Usage data out last week showed higher GB animal feed production including Integrated Poultry Units (IPUs) in April 2024 compared to April 2023.  There were year-on-year rises in feed for poultry feed and dairy cows, reflecting delays turning cattle out for grazing  after winter. Meanwhile, cereal usage by the UK human and industrial sectors was back on year earlier levels in April.




Crop conditions in Canada and Europe remain in focus, with rapeseed continuing to extend its premium over soyabeans. Forecasts of declining rapeseed stocks offers support longer-term.

Planting is nearing completion in Canada after earlier delays, though crop conditions in Australia and the EU remain watch points. While the price premium for rapeseed over soyabeans seems to have stabilised for now, the prospect of tighter global rapeseed supplies still offers support relative to soyabeans longer-term.

Global oilseed markets

Global oilseed futures

Nov-24 Chicago soyabean futures felt overall pressured last week (Friday-Friday), falling $9.83/t to close at $424.53/t. Despite the slight rebound midweek due to the news of the new tax regime in Brazil, prices were weighed on through the week by favourable US planting progress and the uncertainty around global demand. 

USDA’s crop progress report last week showed that soyabean planting in the US is ahead of the five-year average. By June 2, 78% of soyabeans had been planted, up from 68% in the previous week. The USDA’s first assessment of crop conditions will be a watchpoint in tonight’s report.

The demand for soyabeans remains a watchpoint. LSEG reported that both Egypt and Saudi Arabia saw a significant decline in soyabean imports in the first eight months of the 2023/24 season. Egypt’s soyabeans imports fell 13% to 1.4 Mt, marking a 51% reduction relative to the five-year average, Saudi Arabia’s soyabean imports declined by 28% to 208 Kha during the period.

The National Oilseed Processors Association (NOPA) revised its US soyabean crush estimate for April up by 2.0% from its previous estimate. But this is still down 13.7% relative to the record achieved in March.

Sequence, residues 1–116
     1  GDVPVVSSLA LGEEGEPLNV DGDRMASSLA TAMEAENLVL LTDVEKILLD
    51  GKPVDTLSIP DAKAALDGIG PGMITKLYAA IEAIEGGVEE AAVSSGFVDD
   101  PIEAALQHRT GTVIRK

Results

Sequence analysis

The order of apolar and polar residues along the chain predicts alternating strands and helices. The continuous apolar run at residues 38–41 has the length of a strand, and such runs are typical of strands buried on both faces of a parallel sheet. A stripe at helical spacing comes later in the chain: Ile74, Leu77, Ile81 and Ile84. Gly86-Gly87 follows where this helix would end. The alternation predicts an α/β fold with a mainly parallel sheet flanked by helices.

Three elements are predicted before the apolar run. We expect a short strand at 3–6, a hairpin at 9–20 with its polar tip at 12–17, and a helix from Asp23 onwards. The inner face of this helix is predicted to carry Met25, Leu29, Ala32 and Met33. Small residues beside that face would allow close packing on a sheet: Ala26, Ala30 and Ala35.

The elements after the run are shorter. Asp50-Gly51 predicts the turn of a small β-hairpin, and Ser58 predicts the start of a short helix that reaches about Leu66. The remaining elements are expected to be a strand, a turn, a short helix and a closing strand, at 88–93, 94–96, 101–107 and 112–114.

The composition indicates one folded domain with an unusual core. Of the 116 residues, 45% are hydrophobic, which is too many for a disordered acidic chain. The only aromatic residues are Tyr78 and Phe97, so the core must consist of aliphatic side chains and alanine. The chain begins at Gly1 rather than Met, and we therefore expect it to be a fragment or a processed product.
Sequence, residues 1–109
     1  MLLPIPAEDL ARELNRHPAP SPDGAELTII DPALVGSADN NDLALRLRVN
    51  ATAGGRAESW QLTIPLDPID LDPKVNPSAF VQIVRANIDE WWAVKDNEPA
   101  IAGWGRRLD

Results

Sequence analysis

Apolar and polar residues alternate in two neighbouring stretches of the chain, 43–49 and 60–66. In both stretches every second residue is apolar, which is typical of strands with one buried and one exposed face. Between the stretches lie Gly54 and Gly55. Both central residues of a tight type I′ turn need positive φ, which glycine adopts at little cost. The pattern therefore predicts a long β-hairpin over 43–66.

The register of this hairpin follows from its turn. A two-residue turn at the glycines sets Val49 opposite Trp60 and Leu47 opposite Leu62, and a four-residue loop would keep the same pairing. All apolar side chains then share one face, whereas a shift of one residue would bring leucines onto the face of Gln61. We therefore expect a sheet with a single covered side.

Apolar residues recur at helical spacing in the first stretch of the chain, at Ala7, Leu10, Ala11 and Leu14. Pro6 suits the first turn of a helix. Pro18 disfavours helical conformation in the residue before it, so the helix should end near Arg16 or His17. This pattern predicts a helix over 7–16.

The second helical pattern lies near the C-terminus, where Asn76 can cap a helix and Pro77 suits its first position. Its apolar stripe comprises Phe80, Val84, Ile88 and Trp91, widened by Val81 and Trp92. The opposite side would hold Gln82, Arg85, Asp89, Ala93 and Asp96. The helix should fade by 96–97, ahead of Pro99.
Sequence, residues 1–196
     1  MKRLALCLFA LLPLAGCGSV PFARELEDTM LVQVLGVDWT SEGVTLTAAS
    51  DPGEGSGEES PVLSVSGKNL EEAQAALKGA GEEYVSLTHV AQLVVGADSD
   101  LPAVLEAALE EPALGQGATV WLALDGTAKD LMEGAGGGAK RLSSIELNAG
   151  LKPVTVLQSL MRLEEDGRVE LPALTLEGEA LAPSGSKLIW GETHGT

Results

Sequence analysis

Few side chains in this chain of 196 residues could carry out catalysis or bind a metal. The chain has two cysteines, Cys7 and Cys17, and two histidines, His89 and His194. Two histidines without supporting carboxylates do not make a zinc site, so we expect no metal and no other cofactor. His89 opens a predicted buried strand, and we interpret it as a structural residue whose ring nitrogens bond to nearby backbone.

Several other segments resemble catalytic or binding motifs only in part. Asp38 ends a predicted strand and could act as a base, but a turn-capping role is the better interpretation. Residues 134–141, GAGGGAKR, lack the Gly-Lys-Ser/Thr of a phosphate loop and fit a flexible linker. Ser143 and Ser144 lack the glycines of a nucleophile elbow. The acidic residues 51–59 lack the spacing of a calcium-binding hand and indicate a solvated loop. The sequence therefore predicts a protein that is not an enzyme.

The Brazilian government’s introduction of a new tax rule offered some support to the market midweek. The measure is aimed at tightening the use of tax credits and could result in a 4% reduction in prices paid to soyabean farmers (Abiove). This could potentially weaken the competitiveness of Brazilian soyabeans for export in favour of US soyabeans.

Today, LSEG reported that China, the world largest oilseed buyer, imported 10.2 Mt of soyabeans in May. This figure falls 11.6% short of the import levels during the same period last year. While there is an expectation of larger imports in June, the impact of flooding on the Brazilian harvest and the new tax rule could pose a constraint.

Rapeseed focus

UK delivered oilseed prices

Despite the slight rebound on Thursday, Paris rapeseed futures were pressured overall last week on the back of a weak oilseed complex, technical selling and profit taking. The Nov-24 contract ended Friday’s session at €476.25.00/t, down €19.25/t on the week.

Domestic delivered prices followed Paris futures movement last week. Rapeseed delivered into Erith for November delivery was quoted at £405/t on Friday, down £15.00/t on the week.

Whilst uncertainties continue regarding the EU’s rapeseed production due to adverse weather and acreage shift, the Canadian canola (rapeseed) crop is progressing well. A crop report from Saskatchewan, the largest producing province of canola in Canada, shows planting progress is now at 94%, up from 77% the previous week. Albeit this falls below the five-year average of 97% due to crop damage caused by frost and hail.

Despite crops improving through May, GB oilseed rape crops are still likely to have limited yield potential this year for many growers. Across GB, 49% of winter oilseed rape is rated as in a good or excellent condition, slightly up from 47% at the end of April but still below last year’s 63%.

Northern Ireland